Uber is sending emails to hundreds of its Philadelphia drivers Friday with news: UberBlack, the luxury ride option, will fade away and be replaced by UberPremium, which the company says will offer more drivers a chance for bigger earnings.

About 2% of the working Uber drivers in the city who pick up passengers for the most commonly requested service, UberX, will become eligible to provide premium rides beginning in March, the company said. Those trips cost more and have the potential for higher driver pay.

“The changes will allow existing premium drivers to save hundreds of dollars on insurance while finally giving more drivers access to higher fares across the city,” Uber spokesperson Harry Hartfield said in a statement.

UberBlack cars and SUVs have been regulated as limousines, required to display commercial plates and have commercial vehicle insurance, which can cost drivers as much as $380 a month, the company said. State law delegated oversight of ridesharing services operating in the city to the Philadelphia Parking Authority, which also regulates traditional taxicabs and private car services.

Drivers of UberX and other service options use their personal vehicles and own insurance.

Both UberBlack and SUV use newer and posher vehicles, as will the new UberPremium. Fares for the new service will be about the same, the company said.

» READ MORE: Uber and Lyft riders are coming back faster than drivers, causing price spikes

As cities around the U.S. loosened pandemic restrictions in recent months, demand for ridesharing services rose, but a driver shortage caused higher prices and longer wait times for customers in many areas.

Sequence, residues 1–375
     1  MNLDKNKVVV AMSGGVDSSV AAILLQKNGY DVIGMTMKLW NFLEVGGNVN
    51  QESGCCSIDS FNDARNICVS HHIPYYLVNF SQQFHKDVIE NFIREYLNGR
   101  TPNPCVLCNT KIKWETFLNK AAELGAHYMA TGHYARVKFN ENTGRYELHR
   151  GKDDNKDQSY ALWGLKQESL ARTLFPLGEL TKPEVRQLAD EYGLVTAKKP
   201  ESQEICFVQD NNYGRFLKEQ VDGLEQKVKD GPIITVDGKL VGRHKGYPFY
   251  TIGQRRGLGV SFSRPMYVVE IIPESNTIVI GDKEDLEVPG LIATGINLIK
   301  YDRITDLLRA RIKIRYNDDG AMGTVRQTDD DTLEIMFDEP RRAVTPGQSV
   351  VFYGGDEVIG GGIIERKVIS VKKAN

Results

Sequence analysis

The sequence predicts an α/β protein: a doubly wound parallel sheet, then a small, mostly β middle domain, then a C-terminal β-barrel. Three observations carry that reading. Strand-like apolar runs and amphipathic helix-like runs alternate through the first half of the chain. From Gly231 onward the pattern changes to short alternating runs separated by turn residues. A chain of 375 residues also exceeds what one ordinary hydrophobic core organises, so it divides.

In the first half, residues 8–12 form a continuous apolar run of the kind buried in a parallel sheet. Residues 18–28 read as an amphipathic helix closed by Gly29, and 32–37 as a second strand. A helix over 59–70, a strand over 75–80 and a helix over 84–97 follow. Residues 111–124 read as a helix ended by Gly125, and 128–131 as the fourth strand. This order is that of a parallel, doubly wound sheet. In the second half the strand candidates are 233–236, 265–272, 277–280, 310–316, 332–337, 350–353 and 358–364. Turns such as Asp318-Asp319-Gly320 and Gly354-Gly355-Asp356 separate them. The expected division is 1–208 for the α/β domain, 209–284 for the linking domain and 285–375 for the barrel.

“We wanted to share some exciting news,” the email from Uber to select UberX drivers reads. It describes the shift to the Premier brand for the platform’s luxury option and says, “Given the make and model of your current vehicle, we believe you will be eligible to accept trips through this ride option” without changes to the drivers’ license or insurance.

The email to existing UberBlack and Uber SUV drivers notes there will be “no immediate impact” on them. It referred the drivers to a list of FAQs. “We know these are big changes, and we plan to work closely with you ... to ensure the transition is as smooth as possible.”

In the first three months of this year, Uber and Lyft reported 5.7 million trips in the city to PPA, an increase of 11.5% from the final quarter of 2020. But the number of trips was still down 44% since the start of the pandemic, according to authority data.

» READ MORE: ‘Working harder and getting less’: Good old days of ride-sharing are gone, Philly drivers say

The lowest level of activity came from April through June last year when there were about 3 million ridesharing trips in Philadelphia, the PPA says. Ridesharing companies are required to report their trip volume to the authority every quarter.

The Pennsylvania law that authorized ridesharing companies to operate in the state requires them to pay 1.4% of their gross revenue from Philadelphia operations. Two-thirds of that fee goes to the School District and one-third to PPA. Overall, revenue from the fee has dropped 29% from the start of the pandemic.

Ridesharing generated $985,586 for city schools in the first three months of 2021, the authority said.